Nonvolatile BIOS memory

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CMOS battery in a Pico ITX motherboard

Nonvolatile BIOS memory refers to a small memory on PC motherboards that is used to store BIOS settings. It is traditionally called CMOS RAM because it uses a volatile, low-power complementary metal-oxide-semiconductor (CMOS) SRAM (such as the Motorola MC146818 or similar) powered by a small "CMOS" battery when system and standby power is off.[1] The typical NVRAM capacity is 256 bytes.[2]

The CMOS RAM and the real-time clock have been integrated as a part of the southbridge chipset and it may not be a standalone chip on modern motherboards.[2]

CMOS battery[edit]

Type CR2032 button cell, most common CMOS battery.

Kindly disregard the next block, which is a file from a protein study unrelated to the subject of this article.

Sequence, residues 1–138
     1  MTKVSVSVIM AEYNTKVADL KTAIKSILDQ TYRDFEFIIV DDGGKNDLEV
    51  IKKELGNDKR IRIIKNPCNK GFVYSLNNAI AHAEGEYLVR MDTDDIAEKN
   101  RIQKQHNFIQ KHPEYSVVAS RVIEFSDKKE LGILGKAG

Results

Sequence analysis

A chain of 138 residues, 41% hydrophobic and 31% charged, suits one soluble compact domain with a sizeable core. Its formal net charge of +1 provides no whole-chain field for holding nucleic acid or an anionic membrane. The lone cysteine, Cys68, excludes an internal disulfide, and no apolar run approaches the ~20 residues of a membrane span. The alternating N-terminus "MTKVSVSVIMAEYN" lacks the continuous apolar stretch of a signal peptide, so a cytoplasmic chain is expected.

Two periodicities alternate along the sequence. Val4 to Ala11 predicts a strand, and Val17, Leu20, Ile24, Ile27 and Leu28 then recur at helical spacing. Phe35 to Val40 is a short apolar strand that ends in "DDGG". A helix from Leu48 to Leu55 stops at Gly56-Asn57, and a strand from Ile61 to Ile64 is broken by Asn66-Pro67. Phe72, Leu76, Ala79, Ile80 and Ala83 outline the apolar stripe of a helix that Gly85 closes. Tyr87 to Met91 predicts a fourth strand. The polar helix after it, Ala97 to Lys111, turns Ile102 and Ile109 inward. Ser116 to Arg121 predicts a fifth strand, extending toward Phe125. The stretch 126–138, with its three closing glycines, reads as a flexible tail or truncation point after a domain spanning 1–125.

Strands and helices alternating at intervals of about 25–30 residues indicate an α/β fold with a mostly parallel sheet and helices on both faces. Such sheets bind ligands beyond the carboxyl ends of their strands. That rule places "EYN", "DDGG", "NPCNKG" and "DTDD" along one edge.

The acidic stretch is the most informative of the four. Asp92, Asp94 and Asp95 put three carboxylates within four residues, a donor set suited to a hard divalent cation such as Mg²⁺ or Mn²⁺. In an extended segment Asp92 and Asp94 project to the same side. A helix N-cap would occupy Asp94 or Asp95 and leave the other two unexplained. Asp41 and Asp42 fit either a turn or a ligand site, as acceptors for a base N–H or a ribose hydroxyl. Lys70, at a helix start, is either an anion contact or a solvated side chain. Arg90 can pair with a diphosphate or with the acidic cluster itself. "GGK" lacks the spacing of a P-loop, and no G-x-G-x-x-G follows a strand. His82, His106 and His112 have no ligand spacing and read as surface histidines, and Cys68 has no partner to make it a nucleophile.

The memory battery (aka motherboard, CMOS, real-time clock (RTC), clock battery)[3][4] is generally a CR2032 lithium coin cell. These cells last two to ten years, depending on the type of motherboard, ambient temperature and the length of time that the system is without power, while other common cell types can last significantly longer or shorter periods, such as the smaller CR2016 which will generally last about 40% less than CR2032. Higher temperatures and longer power-off time will shorten cell life. When replacing the cell, the system time and CMOS BIOS settings may revert to default values. This may be avoided by replacing the cell with the power supply master switch on. On ATX motherboards, this will supply 5V standby power to the motherboard even if it is apparently "switched off" and keep the CMOS memory energized.

Some computer designs have used non-button cell batteries, such as the cylindrical "1/2 AA" used in the Power Mac G4 as well as some older IBM PC compatibles, or a 3-cell NiCd CMOS battery that looks like a "barrel" (common in Amiga and older IBM PC compatibles), which serves the same purpose.

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